Backyard birds

November 9, 2020
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Birds are frequent, welcome visitors to backyards year-round. Birds can eat common pests like mosquitoes, mosquito larvae, and grubs. Many songbirds are both visually pretty and have beautiful songs. Bird feeders can be a great way to attract birds to your yard. However, birds can also be sensitive to pesticides, so maintaining an organic lawn is imported to help keep your feathered visitors safe.


The first step is choosing a feeder. There are many different bird feeder types, and different types will attract different birds. Basic types of feeders include:

  • Platform feeders
  • House feeders
  • Tube feeders
  • Window feeders

Chickadee at a house feeder

Platform feeders are simply platforms where seed can be spread and can either be hung or mounted on a pole. Most birds will feed on a platform feeder, but ground feeding birds especially like platform feeders. However, they can also be very attractive to squirrels and can harbor droppings, so it is important to keep them clean. House feeders are also popular with most feeder birds and have the benefit of keeping the seed protected and dry. However, if seeds in house feeders does get wet, it can quickly harbor fungus and bacteria, so it is important to keep them clean. Window feeders can be a great way to observe birds up close. They are also in a location that is easy to change seed and take down for cleaning, so seeds should stay fresh and clean. Tube feeders can also attract a wide variety of birds, depending on the side of the food ports. Smaller food ports will favor smaller birds like finches and sparrows and exclude birds like jays. Larger ports will be attractive to a wide variety of birds. However, it is important to keep them clean and to make sure any inaccessible seeds at the bottom are emptied out regularly.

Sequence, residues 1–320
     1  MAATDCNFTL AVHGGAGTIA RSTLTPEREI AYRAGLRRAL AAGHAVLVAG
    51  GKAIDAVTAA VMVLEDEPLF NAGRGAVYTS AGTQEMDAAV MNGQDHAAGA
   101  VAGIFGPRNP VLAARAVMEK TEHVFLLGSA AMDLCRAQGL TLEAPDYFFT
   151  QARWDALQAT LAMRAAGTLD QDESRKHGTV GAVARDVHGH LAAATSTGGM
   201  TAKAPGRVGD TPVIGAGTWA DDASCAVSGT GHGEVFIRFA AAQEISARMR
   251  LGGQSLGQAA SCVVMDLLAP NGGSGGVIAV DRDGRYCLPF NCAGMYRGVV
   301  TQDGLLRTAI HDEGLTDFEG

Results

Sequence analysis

Seed Types

Many types of feeders will accommodate different types of seed. Different birds are attracted to different seeds. While a lot of hardware stores will sell bird seed mixes, a lot of mixes include seeds like golden millet, red millet, flax seed and others that many birds do not eat. These seeds are instead ignored and instead attract squirrels, fungus, and bacteria. These seeds will also often be scattered as birds discard them, and sprout weeds. Instead, it is best to pick specific seeds that attract either specific birds or a wide variety of birds. Sunflower seeds attract most birds and work in a variety of feeder types. However, shells may also need to be picked or raked up. Safflower is attractive to cardinals and grosbeaks, chickadees, doves and sparrows and is general disliked by squirrels. Nyjer thistle is favored by finches and goes well in tube feeders with smaller openings and is also sold in socks that finches and other small beaked birds can extract it from. Many birds, including jays, quail, grouse, turkeys, crows, ravens and ducks are attracted to corn. However, corn can also attract a whole host of other wildlife, including raccoons, deer, and geese. Corn can be sensitive to fungus, which can be harmful to birds. It’s best to only put out a small amount of corn and dispose of any corn that gets wet. Peanuts can be similarly sensitive to fungus, but small amounts can attract jays, woodpeckers, chickadees and titmice.

Finches eating nyjer at a tube feeder

Other food

While seeds are the most common type of wild bird food, other types of food can attract a wider variety of birds to your yard. One of the most common non-seed bird foods is suet, which is made from beef fat and is attractive to woodpecker, jays, chickadees, wrens, cardinals, and some warblers. Raw suet is not recommended, as it can go rancid quickly, but there are many rendered suet options on the market. Suet is recommended for cooler months, as it can get soft in warm weather and coat the feathers of visiting birds. Specialty suet feeders exist that can be hung or mounted on posts. Peanut butter is another good winter treat for birds, when it will stay hard and not get soft and oily. Regular peanut butter is fine to feed birds. Fruit can attract migrating birds that may not be regular feeder visitors, especially in the spring when wild fruits are not as readily available. Mockingbirds, bluebirds, robins, and orioles (Maryland’s state bird!) are all attracted to fruit, including raspberries, orange slices, grapes or melons. Offering fruit in plastic bowls, rather than traditional feeders can help keep the feeding area clean and free of mold. In addition to fruit, birds like orioles are also attracted to small amounts of jelly. Its’s important to not put out too much, as smaller birds could get stuck. In addition, seed bearing plants and insects found naturally in yards and gardens can also be food sources for birds. Just be sure to keep these plants free from pesticides, as birds can be sensitive to pesticides.

Baltimore oriole feeding on a orange half.

Post by: Emily Elkonoh


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